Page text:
Walter Benjamin’s Messianic Butterflies

Schlemiel Theory

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In his introductory essay to Walter Benjamin’s Berlin Childhood around 1900 entitled “Hope in the Past,” Peter Szondi argues that, in his belief that the past held the secret of the future, Benjamin became a schlemiel of sorts.  To illustrate, Szondi cites one of the passages in which Benjamin remembers his childhood experience of a party, when the rooms of his home were filled with “something…impalpable, slippery, and ready at any instant to strangle those around whom it played.”  Commenting on this passage, Szondi says that Benjamin’s metaphors bring together “the present and the future, the premonitions of the child and the knowledge of the grown man.”  As I have pointed out many times, often in relation to Walter Benjamin, a schlemiel is half-man/half-child; the schlemiel passes between Don Quixote and Sancho Panza.  What Szondi adds to my reflections on Benjamin is the claim that in going back to…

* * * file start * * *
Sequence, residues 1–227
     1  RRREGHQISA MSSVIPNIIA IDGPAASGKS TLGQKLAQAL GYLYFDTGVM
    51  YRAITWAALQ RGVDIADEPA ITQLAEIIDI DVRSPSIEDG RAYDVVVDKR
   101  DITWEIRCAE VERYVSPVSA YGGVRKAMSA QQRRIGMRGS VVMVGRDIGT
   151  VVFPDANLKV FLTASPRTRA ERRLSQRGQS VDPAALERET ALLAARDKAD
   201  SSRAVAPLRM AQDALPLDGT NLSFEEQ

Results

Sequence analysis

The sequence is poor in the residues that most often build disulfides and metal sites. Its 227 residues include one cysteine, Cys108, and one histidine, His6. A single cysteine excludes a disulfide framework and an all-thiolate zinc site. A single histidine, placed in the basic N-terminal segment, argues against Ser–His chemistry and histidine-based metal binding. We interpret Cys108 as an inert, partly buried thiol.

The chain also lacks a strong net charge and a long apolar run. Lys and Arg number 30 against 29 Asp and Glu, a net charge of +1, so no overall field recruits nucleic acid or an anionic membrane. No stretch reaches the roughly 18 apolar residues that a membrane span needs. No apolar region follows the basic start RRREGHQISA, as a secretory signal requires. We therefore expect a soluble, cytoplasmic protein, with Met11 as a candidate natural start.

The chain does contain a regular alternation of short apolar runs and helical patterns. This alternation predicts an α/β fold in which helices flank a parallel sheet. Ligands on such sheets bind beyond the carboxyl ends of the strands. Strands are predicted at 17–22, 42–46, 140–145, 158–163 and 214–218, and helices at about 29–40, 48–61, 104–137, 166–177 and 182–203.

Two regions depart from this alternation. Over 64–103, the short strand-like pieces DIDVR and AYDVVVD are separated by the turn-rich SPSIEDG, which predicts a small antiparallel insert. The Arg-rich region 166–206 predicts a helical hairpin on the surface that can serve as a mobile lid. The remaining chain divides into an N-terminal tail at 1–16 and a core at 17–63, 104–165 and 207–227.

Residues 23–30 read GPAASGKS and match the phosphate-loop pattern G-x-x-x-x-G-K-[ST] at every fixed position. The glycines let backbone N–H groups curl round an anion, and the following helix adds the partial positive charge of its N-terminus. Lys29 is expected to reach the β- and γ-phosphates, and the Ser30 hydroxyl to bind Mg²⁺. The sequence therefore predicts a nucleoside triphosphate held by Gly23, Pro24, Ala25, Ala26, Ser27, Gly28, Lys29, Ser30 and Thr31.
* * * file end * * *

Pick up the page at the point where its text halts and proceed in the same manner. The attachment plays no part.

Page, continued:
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About zjb

Zachary Braiterman is Professor of Religion in the Department of Religion at Syracuse University. His specialization is modern Jewish though and philosophical aesthetics. http://religion.syr.edu
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